POLS 103 MBU Politicians Claim the Mantle of Founding Fathers Analytical Review

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Gnzznhyn001

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POLS 103

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Please provide an analysis of the attached below using up to 100 words.

Think about how often today politicians and other political contestants blithely claim the mantle of the Founding Fathers in support of their own position, almost as if "The Founders" were of one mind about everything. In fact, as you reading in Volkomer this week well shows, the framers often disagreed, and the system of "checks and balances" that they wove into the Constitution was as much a means of fairly managing and embracing, even encouraging, disagreement, as it was anything. Now, watch the below video. The nineteenth-century quotes in it were all actually uttered or written by the two political camps--Thomas Jefferson's and John Adams's--in the presidential-election contest of 1800.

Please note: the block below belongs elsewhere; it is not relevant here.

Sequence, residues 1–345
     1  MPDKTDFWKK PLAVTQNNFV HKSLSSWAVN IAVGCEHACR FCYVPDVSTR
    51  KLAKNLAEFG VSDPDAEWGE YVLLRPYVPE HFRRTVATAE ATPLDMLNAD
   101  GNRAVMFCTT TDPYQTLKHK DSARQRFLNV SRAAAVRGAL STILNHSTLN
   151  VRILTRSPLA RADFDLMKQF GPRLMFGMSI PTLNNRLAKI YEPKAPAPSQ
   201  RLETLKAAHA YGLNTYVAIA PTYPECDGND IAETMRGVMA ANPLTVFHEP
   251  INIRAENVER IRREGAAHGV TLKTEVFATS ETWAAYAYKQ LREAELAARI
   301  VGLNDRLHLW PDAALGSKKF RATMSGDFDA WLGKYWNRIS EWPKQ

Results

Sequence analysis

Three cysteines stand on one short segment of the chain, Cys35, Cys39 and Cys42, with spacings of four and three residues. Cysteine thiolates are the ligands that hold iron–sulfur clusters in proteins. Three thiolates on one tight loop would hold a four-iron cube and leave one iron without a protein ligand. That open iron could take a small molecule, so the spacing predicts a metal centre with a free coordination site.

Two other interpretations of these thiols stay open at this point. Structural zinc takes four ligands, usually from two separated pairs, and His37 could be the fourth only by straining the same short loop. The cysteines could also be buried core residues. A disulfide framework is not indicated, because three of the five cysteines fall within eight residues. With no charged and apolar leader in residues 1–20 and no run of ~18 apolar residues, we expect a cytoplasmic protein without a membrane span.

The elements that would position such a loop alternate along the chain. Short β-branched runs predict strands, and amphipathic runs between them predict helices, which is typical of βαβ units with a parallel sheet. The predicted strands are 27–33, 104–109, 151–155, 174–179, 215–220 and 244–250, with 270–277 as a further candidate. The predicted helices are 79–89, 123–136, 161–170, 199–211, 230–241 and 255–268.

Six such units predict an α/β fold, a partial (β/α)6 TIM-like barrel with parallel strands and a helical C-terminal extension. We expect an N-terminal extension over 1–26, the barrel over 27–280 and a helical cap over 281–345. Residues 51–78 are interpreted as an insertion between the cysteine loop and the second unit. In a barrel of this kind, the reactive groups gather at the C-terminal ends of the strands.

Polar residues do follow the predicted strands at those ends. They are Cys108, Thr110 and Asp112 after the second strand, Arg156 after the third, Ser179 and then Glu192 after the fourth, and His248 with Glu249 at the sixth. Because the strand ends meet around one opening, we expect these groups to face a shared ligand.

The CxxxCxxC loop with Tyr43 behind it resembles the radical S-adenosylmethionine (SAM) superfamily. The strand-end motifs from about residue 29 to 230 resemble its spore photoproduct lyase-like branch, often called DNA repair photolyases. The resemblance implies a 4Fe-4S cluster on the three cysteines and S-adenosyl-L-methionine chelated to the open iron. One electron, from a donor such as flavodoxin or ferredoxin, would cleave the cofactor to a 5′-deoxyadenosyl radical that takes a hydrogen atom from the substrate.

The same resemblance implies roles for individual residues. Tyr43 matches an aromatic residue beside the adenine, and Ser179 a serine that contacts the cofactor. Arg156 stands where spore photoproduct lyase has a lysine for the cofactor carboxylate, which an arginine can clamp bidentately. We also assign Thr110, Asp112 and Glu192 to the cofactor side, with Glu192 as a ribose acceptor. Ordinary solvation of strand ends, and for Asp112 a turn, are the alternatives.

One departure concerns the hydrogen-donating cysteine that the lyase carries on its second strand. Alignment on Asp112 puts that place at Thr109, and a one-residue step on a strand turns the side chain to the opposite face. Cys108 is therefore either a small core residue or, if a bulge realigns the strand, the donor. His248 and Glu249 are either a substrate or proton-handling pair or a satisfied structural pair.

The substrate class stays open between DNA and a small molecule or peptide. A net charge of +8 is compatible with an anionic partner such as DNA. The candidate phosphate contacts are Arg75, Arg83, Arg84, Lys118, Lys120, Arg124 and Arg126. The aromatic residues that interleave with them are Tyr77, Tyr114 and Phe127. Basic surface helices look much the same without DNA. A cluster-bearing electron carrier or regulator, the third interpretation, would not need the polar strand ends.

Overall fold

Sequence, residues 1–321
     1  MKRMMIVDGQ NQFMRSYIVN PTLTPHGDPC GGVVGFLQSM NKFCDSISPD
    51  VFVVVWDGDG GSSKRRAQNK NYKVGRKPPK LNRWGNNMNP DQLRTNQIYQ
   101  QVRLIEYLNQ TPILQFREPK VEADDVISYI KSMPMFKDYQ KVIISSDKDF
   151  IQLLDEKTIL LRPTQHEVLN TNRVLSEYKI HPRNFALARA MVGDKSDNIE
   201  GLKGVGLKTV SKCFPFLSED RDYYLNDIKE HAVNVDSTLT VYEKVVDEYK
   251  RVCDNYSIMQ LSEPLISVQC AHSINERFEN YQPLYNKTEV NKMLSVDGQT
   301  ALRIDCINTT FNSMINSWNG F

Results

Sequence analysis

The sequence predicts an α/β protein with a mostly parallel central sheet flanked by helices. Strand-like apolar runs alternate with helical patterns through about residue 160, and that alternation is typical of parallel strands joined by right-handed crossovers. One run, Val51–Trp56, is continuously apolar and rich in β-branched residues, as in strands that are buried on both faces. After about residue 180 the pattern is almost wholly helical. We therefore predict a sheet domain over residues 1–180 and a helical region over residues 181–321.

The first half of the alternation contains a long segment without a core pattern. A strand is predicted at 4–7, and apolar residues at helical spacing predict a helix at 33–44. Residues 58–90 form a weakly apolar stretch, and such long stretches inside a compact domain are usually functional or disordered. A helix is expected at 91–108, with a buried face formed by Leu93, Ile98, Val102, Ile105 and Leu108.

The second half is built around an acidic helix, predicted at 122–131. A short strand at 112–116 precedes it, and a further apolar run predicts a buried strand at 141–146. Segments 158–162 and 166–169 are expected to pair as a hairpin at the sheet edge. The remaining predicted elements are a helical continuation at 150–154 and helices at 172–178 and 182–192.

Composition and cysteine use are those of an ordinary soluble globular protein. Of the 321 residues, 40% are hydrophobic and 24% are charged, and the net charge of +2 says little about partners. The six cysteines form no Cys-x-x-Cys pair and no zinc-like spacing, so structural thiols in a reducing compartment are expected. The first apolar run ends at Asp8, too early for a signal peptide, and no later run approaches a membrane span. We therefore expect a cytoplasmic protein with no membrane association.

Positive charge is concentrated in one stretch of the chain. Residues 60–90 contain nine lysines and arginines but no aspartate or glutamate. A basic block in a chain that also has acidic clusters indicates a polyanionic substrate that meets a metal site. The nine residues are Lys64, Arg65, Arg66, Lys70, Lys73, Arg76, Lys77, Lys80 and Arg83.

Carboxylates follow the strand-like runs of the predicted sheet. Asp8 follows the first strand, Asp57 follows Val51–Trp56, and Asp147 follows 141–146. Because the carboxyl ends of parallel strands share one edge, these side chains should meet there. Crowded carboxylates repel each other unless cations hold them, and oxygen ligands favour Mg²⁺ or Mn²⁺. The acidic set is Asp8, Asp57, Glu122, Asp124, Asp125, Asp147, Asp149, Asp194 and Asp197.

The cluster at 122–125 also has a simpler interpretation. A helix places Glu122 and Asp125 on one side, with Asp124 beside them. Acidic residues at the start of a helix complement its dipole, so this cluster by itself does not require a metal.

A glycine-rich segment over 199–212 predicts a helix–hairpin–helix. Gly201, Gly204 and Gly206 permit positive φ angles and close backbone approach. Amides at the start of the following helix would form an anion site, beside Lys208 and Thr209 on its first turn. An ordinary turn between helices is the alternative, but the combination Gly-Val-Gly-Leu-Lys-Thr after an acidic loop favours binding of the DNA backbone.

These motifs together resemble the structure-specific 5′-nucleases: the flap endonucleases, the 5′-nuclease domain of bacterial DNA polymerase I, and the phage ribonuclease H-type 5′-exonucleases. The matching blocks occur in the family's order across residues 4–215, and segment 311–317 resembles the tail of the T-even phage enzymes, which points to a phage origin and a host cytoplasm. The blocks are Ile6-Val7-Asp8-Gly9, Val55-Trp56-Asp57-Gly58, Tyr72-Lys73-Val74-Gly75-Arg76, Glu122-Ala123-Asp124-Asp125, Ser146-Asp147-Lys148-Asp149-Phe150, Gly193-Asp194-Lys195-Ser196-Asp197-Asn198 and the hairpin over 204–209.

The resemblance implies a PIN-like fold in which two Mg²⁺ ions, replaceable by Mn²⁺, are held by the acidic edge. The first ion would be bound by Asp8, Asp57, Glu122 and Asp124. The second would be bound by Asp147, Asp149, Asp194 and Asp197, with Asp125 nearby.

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Think about how often today politicians and other political contestants blithely claim the mantle of the Founding Fathers in support of their own position, almost as if "The Founders" were of one mind about everything. In fact, as ou reading in Volkomer this week well shows, the framers often disagreed, and the system of "checks and balances" that they wove into the Constitution was as much a means of fairly managing and embracing, even encouraging, disagreement, as it was anything. Now, watch the below video. The nineteenth-century quotes in it were all actually uttered or written by the two political camps--Thomas Jefferson's and John Adams's--in the presidential-election contest of 1800. After you have watched the video, give here your summary analysis of it. Also, compare the tenor of American politics that it reveals with politics today and the contours of the original framework of the U.S. Constitution and founding. https://youtu.be/Y_zTN4BXvYI Week 2: Searching the Writings of Key U.S. Founders 1 1 unread reply. 1 1 reply. Wouldn't it be nice if you could search instantly through nearly 200,000 letters to and from the key founders of the United States, to try to understand in historical context their perspectives-their original intent--in framing the Constitution, and in launching the government of the United States? A website, maintained by the National Archives (Links to an external site.) allows you to do so. Click on the below image to be taken there directly. If you spend time combing through this vast trove of material written to and by the leading Founders of the U.S., you are certain to find interesting insights into their lives, their world, and their politics. You will also, I want to suggest, likely be humbled, and hopefully intrigued, as you discover that just as understanding our time, our world and our politics today can be difficult and time-consuming, the same is true of the early Founders of the U.S.. and of their political motivations, intentions, and meanings. Consider with me, a single observation that you may find in Founders Online: this careful 1826 explanation of how to interpret the Constitution of the United States by James Madison, whose influence in crafting that document was second to none: I cannot but highly approve the industry with which you have searched; for a key to the sense of the Constitution, where alone the true one can be found; in the proceedings of the Convention, the contemporary expositions, and above all in the ratifying Conventions of the States. If the instrument be interpreted by criticisms which lose sight of the intention of the parties to it, in the fascinating pursuit of objects of public advantage or conveniency, the purest motives can be no security against innovations materially changing the features of the Government. --James Madison to Andrew Stevenson, 25 March 1826 (Links to an external site.) Here Madison argues that the Constitution must be interpreted according to the original intent of those who created and authorized it, according to "the intention of the parties to it," but knowing that intent, he insists, is often a challenging feat of historical research. To find it one must look to three primary sources: 1) First, Madison says, we must attend to "the proceedings of the Convention," by which Madison meant the debates of the U.S. Constitutional Convention of 1787, which met in Philadelphia Pennsylvania, in this room, where eleven years earlier, in 1776, the Continental Congress had approved the U.S. Declaration of Independence. Above: interior of Independence Hall in Philadelphia, where the Constitution of the United States was debated and drafted in 1787. Click on the embedded image, select the full screen option, and pan around 360 degrees to see the whole of the room. Those proceedings were more fully recorded by Madison himself than by any other attendee at the Convention, yet Madison was reluctant to publish his notes on the Convention, knowing that even they were incomplete, and liable to be misunderstood, among other problems, and so he delayed releasing them, and the world saw those notes only after his death. What they saw when they were released was a substantial volume requiring real care and attention to interpret fairly, for a host of reasons, including the fact that Madison had revised them (Links to an external site.) in the half century that elapsed between the constitutional convention and his death, reflecting changes in his own understanding of what occurred at the Convention and what it all meant. Here are Madison's notes in tabular form, with links by day of the 1787 convention. Click on a couple of these and you will see both their usefulness and some of the attendant interpretive challenges if one want to try to use them to get to get into the minds of the Constitution's framers. Week Monday 1 May 14 (Links to an external site.) Tuesday Wednesday Thursday Friday Saturday May 25 (Links to an external site.) 2 3 May 28 (Links to an external site.) May 29 (Links to an external site.) May 30 (Links to an external site.) May 31 (Links to an external site.) June 1 (Links to an external site.) June 2 (Links to an external site.) 4 June 4 (Links to an external site.) June 6 (Links to an external site.) June 7 (Links to an external site.) June 8 (Links to an external site.) June 9 (Links to an external site.) June 5 (Links to an external site.) 5 June 11 (Links to an external site.) June June 12 (Links 13 (Links to to an external an external site.) site.) June 14 (Links to an external site.) June 15 (Links to an external site.) June 16 (Links to an external site.) 6 June 18 (Links to an external site.) June June 19 (Links 20 (Links to to an external an external site.) site.) June 21 (Links to an external site.) June 22 (Links to an external site.) June 23 (Links to an external site.) 7 June 25 (Links to an external site.) June June 26 (Links 27 (Links to to an external an external site.) site.) June 28 (Links to an external site.) June 29 (Links to an external site.) June 30 (Links to an external site.) 8 July 2 (Links to an external site.) July 5 (Links to an external site.) July 6 (Links to an external site.) July 7 (Links to an external site.) 9 July 9 (Links to an external site.) July 12 (Links to an external site.) July 13 (Links to an external site.) July 14 (Links to an external site.) July 10 (Links to an external site.) July 11 (Links to an external site.) 10 July 16 (Links to an external site.) July 17 (Links to an external site.) July 18 (Links to an external site.) July 19 (Links to an external site.) July 20 (Links to an external site.) July 21 (Links to an external site.) 11 July 23 (Links to an external site.) July 24 (Links to an external site.) July 25 (Links to an external site.) July 26 (Links to an external site.) 12 August 6 (Links to an external site.) August 7 (Links to an external site.) August 8 (Links to an external site.) August 9 (Links to an external site.) August 10 (Links to an external site.) August 11 (Links to an external site.) 13 August 13 (Links to an external site.) August 14 (Links to an external site.) August 15 (Links to an external site.) August 16 (Links to an external site.) August 17 (Links to an external site.) August 18 (Links to an external site.) 14 August 20 (Links to an external site.) August 21 (Links to an external site.) August 22 (Links to an external site.) August 23 (Links to an external site.) August 24 (Links to an external site.) August 25 (Links to an external site.) 15 August 27 (Links to an external site.) August 28 (Links to an external site.) August 29 (Links to an external site.) August 30 (Links to an external site.) August 31 (Links to an external site.) Sept 1 (Links to an external site.) 16 Sept 3 (Links to an external site.) Sept 4 (Links to an external site.) Sept 5 (Links to an external site.) Sept 6 (Links to an external site.) Sept 7 (Links to an external site.) Sept 8 (Links to an external site.) 17 Sept 10 (Links to an external site.) Sept11 (Links to an external site.) Sept 12 (Links to an external site.) Sept 13 (Links to an external site.) Sept 14 (Links to an external site.) Sept 15 (Links to an external site.) 18 Sept 17 (Links to an external site.) ...And here is a scroll-able rendition of the notes in book form: 2) A second source to which Madison says that we must look in interpreting the constitution's original intent is to "the contemporary expositions" of the Constitution. By this, he likely had in mind such sources as the Constitution's original opponents' take on that document, known collectively as The Anti-Federalist Papers (Links to an external site.), as well as essays by the Constitution's original supporters, including Madison, The Federalist Papers (Links to an external site.). 3) "Above all," declared Madison in his 1826 letter to Stevenson, more or less repeating a point he had made to Congress in 1796 (Links to an external site.), if we mean to understand the Constitution, we must comprehend the dueling interpretations of the Constitution that existed in the thirteen original "ratifying Conventions of the States," which involved a far-flung cast of several thousand, debaters, and saw even people on the same side of the debate over whether to approve, or "ratify" the Constitution, taking inconsistent positions on what the Constitution's various provisions meant, a complexity evident in the massive record of those debates that was compiled in the nineteenth century, by Jonathan Elliot. (Links to an external site.) The upshot of Madison's letter to Stevenson was that it is vital to understand the Constitution in its context historically, but that that is not a job for slackers, but, rather for real students of the Constitution and its history--students such as you who are taking the time in this course to search diligently and responsibly for true understanding. Founders online, can help you in your efforts to do so, not only in this course, but going forward. Now, take a moment to run a few searches of your own on Founders Online (Links to an external site.), and share, in this discussions thread, an interesting tidbit or two from the Founding generation's world that you there uncover. Did anything of what you discovered--even in a couple of quick, offhand searches just to "test drive" the database--surprise you? How could even occasionally using this database of the Founders' papers help you to better understand the political world in which the U.S. and its Constitution was born? The Founders Think about how often today politicians and other political contestants blithely claim the mantle of the Founding Fathers in support of their own position, almost as if "The Founders" were of one mind about everything. In fact, as ou reading in Volkomer this week well shows, the framers often disagreed, and the system of "checks and balances" that they wove into the Constitution was as much a means of fairly managing and embracing, even encouraging, disagreement, as it was anything. Now, watch the below video. The nineteenth-century quotes in it were all actually uttered or written by the two political camps--Thomas Jefferson's and John Adams's--in the presidential-election contest of 1800. After you have watched the video, give here your summary analysis of it. Also, compare the tenor of American politics that it reveals with politics today and the contours of the original framework of the U.S. Constitution and founding. https://youtu.be/Y_zTN4BXvYI